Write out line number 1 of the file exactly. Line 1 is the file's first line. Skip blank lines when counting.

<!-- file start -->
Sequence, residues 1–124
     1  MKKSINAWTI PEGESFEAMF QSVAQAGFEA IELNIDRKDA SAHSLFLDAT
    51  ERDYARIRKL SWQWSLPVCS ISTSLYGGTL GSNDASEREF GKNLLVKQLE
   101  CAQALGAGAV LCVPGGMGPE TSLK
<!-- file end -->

Sequence, residues 1–124